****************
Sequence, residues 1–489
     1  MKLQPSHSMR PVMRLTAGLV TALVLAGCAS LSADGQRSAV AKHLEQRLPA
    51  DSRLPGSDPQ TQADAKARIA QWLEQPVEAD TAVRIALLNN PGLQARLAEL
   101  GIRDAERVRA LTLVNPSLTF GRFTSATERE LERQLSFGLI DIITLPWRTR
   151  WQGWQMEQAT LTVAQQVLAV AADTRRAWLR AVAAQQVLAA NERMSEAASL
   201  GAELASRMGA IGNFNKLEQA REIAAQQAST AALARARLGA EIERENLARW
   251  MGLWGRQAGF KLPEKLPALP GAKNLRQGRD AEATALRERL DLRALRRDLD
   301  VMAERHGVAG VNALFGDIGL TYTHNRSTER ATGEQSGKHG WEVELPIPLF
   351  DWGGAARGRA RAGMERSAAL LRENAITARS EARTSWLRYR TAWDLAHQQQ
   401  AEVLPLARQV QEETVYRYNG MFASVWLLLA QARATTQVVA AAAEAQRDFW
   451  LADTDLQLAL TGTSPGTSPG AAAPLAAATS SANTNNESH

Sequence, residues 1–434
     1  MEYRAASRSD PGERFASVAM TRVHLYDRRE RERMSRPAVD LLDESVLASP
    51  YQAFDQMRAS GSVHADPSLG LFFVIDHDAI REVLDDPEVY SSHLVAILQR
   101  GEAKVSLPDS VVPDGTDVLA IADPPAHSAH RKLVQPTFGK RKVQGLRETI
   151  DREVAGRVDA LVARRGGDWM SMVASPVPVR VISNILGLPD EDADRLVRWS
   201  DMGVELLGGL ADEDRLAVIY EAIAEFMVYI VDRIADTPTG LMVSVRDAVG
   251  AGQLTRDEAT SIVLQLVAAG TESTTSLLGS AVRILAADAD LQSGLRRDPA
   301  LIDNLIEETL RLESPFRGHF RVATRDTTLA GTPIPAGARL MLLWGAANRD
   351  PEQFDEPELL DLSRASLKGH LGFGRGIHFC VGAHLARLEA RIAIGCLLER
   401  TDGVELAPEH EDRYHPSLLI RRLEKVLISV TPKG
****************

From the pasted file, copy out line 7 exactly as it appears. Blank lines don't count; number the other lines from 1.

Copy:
   251  MGLWGRQAGF KLPEKLPALP GAKNLRQGRD AEATALRERL DLRALRRDLD